Richard Massey, regional director – EMEA North, South Africa & Israel at Arcserve writes about the need for modern healthcare to keep up with technologies behind the scenes, as well as on the front lines of patient care.
There has been a ransomware attack, and a doctor has a patient in dire need of expert medical attention, but unfortunately their hands are tied. The IT systems are down – and there’s no way to access the patient’s medical history. The team want to provide a course of treatment, but no one knows if the patient has a pre-existing medical issue. The hospital’s IT team could recover the data from the backup provider – but this would take hours and with patient information and history needed to determine the course of care and diagnosis, every single minute is increasing the risk of the patient being harmed.
This is a very real problem. According to research from IDC, the volume of data generated as a result of healthcare and imaging systems will exceed 2,300 exabytes by 2020, a huge increase from 153 exabytes in 2013, due to advances in big data and medical technology. In other words, healthcare continues to be a ripe target for cybercriminals across the globe.
Despite this healthcare providers worldwide are still running a mish mash of legacy systems that can create a multitude of avenues to attack a hospital or medical provider. In fact, the National Security Agency (NSA) recently released a warning that the Blue Keep vulnerability, that was implicated as a cause of WannaCry in 2017, was still affecting some legacy versions of Windows. 64% of global IT decision-makers agree that protecting business critical data has not got easier over the past five years, and clearly the healthcare industry isn’t exempt from this.
The reality of today’s healthcare, which is more reliant on data than ever before, is that slow recovery simply isn’t an option. As such, the problem of low data availability is simply unavoidable. To support the demands of today’s always on world, data requires constant availability.
Why conventional backup isn’t good enough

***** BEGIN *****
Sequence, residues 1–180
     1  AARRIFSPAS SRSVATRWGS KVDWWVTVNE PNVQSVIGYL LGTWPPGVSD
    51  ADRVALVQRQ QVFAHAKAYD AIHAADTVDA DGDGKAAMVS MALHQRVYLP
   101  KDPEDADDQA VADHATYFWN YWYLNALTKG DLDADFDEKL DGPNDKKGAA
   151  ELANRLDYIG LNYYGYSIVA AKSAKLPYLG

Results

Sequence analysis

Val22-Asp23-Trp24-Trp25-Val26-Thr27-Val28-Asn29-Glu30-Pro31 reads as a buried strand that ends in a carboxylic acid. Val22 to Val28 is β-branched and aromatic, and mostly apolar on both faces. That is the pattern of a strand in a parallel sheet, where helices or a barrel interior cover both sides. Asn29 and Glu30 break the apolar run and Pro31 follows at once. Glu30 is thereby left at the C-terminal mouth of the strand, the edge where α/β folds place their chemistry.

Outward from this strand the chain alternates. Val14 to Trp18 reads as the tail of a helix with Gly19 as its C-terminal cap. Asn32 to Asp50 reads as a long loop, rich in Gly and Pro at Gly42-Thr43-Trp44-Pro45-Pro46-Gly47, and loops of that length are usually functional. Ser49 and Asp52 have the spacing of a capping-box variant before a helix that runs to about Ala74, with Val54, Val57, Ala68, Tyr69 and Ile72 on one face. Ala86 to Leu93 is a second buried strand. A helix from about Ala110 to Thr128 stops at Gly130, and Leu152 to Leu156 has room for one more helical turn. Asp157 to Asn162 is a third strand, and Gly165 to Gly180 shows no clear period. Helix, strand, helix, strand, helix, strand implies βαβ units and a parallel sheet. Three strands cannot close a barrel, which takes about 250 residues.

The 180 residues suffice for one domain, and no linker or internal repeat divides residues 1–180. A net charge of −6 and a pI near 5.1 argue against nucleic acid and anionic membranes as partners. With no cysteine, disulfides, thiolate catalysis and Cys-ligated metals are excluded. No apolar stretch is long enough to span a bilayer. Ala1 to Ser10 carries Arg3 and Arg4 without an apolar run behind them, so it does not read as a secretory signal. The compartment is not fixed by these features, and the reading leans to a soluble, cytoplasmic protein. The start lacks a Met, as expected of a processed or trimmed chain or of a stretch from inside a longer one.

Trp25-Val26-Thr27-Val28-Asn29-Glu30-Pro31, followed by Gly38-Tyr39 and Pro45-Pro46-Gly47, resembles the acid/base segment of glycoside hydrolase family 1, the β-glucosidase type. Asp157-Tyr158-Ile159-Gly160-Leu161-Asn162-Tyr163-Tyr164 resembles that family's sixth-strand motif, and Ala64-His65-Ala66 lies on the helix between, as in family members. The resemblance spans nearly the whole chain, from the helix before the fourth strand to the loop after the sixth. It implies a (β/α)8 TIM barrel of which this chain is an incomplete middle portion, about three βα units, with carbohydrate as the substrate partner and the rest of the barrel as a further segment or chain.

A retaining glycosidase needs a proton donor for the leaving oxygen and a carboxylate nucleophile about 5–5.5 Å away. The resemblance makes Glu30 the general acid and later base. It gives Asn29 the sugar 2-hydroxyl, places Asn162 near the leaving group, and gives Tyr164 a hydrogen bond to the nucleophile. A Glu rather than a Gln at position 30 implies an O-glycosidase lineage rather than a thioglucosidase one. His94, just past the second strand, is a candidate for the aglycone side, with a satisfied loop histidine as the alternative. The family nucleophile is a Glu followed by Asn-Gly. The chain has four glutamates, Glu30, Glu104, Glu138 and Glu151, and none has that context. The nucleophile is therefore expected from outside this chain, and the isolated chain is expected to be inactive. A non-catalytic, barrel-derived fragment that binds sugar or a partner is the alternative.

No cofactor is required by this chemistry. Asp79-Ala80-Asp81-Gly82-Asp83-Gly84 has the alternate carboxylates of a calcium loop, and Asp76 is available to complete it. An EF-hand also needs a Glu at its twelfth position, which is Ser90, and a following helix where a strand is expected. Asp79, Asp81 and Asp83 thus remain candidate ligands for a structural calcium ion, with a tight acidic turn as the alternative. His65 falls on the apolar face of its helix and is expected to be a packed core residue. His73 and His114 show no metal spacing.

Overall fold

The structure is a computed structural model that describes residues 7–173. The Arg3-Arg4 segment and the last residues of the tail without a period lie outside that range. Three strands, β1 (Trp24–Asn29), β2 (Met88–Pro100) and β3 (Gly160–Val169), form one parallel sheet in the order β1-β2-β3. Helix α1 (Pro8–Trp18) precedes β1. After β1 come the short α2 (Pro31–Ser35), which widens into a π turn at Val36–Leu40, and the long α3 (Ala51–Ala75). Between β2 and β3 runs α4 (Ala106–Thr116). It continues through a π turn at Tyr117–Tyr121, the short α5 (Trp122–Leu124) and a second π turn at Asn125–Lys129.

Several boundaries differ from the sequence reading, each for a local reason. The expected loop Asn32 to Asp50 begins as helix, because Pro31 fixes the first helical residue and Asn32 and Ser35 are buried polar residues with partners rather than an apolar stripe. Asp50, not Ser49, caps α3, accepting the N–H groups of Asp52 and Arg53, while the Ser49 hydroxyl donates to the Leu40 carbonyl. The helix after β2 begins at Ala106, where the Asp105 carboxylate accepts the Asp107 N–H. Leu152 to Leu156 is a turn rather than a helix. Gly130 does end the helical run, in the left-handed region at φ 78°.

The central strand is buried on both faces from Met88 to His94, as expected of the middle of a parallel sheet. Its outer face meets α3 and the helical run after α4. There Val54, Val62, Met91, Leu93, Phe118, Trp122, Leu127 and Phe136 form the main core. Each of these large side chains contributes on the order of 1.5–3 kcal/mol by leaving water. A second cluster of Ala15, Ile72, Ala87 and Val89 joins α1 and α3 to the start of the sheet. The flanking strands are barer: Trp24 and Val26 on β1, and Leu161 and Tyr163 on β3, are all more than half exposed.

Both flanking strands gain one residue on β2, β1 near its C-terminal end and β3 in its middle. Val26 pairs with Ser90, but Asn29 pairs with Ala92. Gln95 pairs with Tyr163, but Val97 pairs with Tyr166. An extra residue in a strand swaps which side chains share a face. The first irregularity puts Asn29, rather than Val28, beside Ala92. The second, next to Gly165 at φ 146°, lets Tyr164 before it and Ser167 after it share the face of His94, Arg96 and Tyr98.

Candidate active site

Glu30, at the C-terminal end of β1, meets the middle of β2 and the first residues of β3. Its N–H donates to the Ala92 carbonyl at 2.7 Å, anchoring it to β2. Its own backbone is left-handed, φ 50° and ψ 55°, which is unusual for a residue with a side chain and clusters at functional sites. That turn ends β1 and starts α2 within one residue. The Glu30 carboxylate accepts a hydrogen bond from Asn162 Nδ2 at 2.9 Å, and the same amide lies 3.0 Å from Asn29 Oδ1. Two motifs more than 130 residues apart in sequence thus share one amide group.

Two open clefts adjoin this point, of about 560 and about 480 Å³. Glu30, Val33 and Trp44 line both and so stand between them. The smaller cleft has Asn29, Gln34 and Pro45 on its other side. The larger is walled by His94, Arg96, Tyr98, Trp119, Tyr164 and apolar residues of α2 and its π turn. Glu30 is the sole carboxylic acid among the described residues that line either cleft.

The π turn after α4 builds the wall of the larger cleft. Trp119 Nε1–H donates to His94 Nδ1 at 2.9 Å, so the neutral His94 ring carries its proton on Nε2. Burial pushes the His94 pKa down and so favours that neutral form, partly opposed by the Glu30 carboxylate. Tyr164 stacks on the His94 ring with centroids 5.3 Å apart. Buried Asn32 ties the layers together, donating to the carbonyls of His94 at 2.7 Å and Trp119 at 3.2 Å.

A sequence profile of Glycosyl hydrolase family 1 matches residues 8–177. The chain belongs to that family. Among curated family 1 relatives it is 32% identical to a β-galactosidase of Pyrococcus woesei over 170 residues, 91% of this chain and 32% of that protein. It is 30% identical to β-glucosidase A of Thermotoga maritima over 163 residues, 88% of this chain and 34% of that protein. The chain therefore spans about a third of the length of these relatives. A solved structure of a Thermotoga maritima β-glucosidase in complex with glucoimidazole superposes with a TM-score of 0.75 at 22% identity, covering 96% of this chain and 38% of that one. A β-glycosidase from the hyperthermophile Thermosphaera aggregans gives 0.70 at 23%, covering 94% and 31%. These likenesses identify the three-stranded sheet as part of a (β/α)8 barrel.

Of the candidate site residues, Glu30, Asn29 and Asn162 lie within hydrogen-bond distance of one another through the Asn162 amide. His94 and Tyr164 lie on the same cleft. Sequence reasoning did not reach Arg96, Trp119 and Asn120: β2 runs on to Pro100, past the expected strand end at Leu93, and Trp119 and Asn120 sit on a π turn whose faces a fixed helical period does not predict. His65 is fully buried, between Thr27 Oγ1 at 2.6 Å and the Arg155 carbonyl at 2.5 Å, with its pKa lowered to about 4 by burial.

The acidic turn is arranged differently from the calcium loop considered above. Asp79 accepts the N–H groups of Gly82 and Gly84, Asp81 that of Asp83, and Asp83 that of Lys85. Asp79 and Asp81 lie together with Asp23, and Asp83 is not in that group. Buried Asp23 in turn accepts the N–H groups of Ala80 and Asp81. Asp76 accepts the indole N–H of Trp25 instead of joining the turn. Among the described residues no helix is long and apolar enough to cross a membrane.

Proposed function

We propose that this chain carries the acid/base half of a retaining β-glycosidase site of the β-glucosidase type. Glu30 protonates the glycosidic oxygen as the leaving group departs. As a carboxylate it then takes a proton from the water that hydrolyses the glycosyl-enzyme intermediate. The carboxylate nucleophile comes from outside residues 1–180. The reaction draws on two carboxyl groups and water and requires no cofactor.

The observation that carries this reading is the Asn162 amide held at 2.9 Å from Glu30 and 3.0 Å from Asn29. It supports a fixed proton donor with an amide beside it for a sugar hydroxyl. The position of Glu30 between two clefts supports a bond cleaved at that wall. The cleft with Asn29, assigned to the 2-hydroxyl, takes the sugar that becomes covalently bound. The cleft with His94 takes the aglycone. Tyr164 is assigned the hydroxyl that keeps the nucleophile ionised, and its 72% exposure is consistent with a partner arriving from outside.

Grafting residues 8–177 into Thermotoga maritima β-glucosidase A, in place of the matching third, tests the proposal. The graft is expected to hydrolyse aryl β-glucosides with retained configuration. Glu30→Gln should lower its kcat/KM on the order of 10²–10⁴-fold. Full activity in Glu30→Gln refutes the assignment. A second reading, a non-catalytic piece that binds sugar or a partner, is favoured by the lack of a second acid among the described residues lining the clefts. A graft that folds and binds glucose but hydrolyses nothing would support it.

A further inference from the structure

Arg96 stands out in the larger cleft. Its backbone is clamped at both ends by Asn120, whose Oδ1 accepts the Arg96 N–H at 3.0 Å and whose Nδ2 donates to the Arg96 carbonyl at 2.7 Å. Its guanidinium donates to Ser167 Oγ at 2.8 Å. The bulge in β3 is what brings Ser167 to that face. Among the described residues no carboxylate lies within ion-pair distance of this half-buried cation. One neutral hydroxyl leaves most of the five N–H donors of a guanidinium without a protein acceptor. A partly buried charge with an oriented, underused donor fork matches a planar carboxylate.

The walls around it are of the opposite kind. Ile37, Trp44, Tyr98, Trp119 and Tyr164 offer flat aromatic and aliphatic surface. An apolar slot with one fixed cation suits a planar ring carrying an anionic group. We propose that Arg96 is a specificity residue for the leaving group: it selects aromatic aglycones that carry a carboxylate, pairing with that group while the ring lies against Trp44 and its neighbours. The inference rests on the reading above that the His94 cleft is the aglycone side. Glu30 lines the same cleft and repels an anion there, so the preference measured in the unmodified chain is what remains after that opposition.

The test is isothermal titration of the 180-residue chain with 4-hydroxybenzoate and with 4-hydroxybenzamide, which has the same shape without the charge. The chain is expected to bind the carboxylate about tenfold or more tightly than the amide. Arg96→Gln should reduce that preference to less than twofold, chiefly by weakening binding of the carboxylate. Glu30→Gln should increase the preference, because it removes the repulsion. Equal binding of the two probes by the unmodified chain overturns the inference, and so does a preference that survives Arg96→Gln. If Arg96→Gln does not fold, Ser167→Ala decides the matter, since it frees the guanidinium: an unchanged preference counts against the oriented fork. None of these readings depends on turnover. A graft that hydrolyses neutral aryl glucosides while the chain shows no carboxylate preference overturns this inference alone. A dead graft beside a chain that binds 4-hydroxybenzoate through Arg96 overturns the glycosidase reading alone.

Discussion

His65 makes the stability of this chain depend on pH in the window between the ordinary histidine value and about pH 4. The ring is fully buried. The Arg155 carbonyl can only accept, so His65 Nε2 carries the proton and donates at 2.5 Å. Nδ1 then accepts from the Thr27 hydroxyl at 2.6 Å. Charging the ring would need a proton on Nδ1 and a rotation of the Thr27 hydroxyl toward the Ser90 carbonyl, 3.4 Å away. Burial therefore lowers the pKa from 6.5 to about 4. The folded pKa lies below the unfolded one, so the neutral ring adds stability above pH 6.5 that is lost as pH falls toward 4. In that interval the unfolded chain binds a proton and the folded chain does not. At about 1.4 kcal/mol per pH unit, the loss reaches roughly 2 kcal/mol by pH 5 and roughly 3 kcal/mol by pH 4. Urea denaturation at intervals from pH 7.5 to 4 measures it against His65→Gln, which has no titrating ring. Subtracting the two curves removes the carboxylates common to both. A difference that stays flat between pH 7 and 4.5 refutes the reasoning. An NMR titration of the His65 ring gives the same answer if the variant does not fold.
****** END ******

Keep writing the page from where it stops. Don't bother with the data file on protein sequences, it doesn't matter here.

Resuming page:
Healthcare organisations must move from a conventional backup strategy based on recovery time and point objectives (RTOs/RPOs), to one where they have ‘constant availability’ – where you never need to recover in the first place. To clarify, an RTO is a measure of how long it takes to restore your backups, while an RPO is a measure of the amount of the data that you can stand to lose in the recovery process. If you can lose six hours of data, the RPO is six hours.
While this method of approaching backup may be great for certain uses or in certain industries, healthcare professionals must have ‘constant availability’ to ensure continuity of operations.
Many solutions claim to be able to support the ‘always on’ modern IT environment – but the technology itself says differently. For example, these solutions often require a manual failover. Failover is the process of switching to the standby system upon the failure of the previous system, so this means longer time from detection to mitigation. These types of solutions cannot be considered high availability and are just replication with a short RPO time. This not only leaves healthcare professionals unable to ensure that they can provide care at any point, but also increases complexity and cost.
Moving beyond recovery
For the many critical systems and applications in healthcare that can’t be disrupted, the industry needs to explore solutions with a journal-based processes that are capable of replicating data in real-time. They should also look for automatic failover, as this will allow for the constant availability of data wherever it resides, whether that’s on-prem or in the cloud, as this will ensure that critical data can always be accessed.
The benefits of embracing high availability
The healthcare industry must wake up and embrace high availability, as it will allow them to take advantage of modern healthcare innovation without leaving themselves vulnerable to a disaster or outage.
With more data that needs protected an ever before, it is imperative that healthcare providers make sure that they are doing what is necessary to make sure they have access to it when they really need it. From the office, emergency room or reception, when a system goes down, it can really be a matter of life and death.